When MIT junior Anna Jaffe and Robyn Allen, a senior, were planning a design-build venture at MIT focused on superefficient vehicles, they decided to aim high.
How high? Think 300 miles per gallon or equivalent. “When we first proposed it, a lot of people said, ‘We can’t do that!’ But in fact, it got them really motivated,” says Jaffe, a native of New Jersey. Motivated enough, in fact, that more than 50 students from universities in 21 countries came to MIT for the first-ever Vehicle Design Summit.
The nine-week session this past summer resulted in the design and construction of four vehicles, with power sources ranging from solar to biofuels to mostly human. (The vehicles had to be able to hit 80 mph, and it would take a Lance Armstrong to do that in a solely human-powered vehicle).
Though the Summiteers were working against tight deadlines, their vehicles were mostly completed by summer’s end, and all four either exceeded or got very close to that 300-mpg goal.
Participants are now back at their respective institutions, but a follow-up session is set for January. After that, the group hopes to enter some of the vehicles in the first U.S. version of the Shell Eco-Marathon, an alternative vehicle race planned for California in April.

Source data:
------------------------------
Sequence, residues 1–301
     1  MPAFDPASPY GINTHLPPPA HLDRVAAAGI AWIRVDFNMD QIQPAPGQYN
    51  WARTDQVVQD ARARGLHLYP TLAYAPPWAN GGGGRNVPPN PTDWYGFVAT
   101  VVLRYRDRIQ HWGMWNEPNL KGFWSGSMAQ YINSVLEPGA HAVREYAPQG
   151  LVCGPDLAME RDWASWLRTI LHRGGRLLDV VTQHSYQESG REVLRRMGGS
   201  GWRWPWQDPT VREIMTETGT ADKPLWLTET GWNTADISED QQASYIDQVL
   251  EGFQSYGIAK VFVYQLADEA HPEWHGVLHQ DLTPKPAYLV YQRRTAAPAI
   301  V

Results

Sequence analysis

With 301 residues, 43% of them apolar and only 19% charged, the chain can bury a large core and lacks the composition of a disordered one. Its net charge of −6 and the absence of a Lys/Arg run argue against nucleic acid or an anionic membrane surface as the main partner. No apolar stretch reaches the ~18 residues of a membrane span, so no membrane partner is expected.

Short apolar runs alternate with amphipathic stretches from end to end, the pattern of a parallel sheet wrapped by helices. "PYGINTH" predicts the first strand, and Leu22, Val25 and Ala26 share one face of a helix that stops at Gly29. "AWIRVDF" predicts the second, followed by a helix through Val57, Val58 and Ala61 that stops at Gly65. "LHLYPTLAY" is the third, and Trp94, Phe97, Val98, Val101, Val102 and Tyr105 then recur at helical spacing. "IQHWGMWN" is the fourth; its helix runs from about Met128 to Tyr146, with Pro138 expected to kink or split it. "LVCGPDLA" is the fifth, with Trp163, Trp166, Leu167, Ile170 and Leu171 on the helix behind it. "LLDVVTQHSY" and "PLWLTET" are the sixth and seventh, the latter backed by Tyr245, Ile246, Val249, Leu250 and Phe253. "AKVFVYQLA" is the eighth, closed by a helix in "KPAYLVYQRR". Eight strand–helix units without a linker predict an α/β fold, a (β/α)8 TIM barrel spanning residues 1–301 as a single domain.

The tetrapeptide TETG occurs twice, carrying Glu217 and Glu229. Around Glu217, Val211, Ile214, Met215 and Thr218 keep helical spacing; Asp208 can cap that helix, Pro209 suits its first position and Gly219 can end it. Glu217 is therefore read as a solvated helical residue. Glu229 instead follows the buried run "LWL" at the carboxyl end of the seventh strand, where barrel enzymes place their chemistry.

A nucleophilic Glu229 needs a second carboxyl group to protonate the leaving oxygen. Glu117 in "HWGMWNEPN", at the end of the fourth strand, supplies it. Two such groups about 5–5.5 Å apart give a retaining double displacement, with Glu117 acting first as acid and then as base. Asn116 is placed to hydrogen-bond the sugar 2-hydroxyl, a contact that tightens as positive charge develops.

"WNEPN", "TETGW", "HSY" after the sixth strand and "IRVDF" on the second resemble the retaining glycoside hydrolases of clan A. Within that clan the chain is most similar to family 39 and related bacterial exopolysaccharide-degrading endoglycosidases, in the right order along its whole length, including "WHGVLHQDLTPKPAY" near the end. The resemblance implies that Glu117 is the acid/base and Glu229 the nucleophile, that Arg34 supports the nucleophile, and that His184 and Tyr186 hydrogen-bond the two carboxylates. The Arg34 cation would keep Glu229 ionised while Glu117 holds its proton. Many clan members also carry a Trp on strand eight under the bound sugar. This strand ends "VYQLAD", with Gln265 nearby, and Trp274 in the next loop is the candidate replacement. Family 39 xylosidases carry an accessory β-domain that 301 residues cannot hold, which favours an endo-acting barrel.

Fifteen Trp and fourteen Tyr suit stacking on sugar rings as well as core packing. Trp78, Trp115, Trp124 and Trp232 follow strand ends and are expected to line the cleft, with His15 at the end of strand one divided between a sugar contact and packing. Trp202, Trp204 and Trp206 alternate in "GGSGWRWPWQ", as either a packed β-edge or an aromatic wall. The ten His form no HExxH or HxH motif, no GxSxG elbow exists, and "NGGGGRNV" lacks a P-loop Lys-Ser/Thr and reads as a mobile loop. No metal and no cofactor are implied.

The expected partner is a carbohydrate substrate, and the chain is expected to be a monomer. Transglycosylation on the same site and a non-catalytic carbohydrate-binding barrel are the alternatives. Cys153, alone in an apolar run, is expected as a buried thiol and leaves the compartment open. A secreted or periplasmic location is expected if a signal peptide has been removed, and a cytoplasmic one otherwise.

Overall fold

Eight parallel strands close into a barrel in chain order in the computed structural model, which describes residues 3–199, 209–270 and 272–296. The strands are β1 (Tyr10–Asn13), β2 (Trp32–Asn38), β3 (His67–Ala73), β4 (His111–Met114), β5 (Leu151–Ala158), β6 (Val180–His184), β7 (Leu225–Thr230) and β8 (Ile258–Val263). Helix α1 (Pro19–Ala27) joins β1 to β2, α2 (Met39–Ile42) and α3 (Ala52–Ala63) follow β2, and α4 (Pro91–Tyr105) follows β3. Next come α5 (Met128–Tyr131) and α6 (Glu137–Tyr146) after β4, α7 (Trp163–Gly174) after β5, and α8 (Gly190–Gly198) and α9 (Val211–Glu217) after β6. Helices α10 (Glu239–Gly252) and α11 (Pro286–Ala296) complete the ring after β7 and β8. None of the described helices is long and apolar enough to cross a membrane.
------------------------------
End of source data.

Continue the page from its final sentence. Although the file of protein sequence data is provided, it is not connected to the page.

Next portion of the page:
Jaffe, a civil and environmental engineering major who once spent a summer at a Colorado institute devoted to energy innovation, says the project’s about more than simply creating high-mileage vehicles. The group would also like to spur new design efforts focused on creating production class versions of the Summiteers’ alternative vehicles.
The idea would be to design every subsystem of the vehicle — seats, drivetrain, steering apparatus, engine — from the ground up, then work on integrating them into prototype vehicles. “Small groups of students from more than 20 universities will each be assigned a subsystem,” notes Jaffe. “Meanwhile, we hope to parallel their efforts by calling for a vehicle design course at MIT.”
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ZigZag: Vehicle Design Summit: Episode 9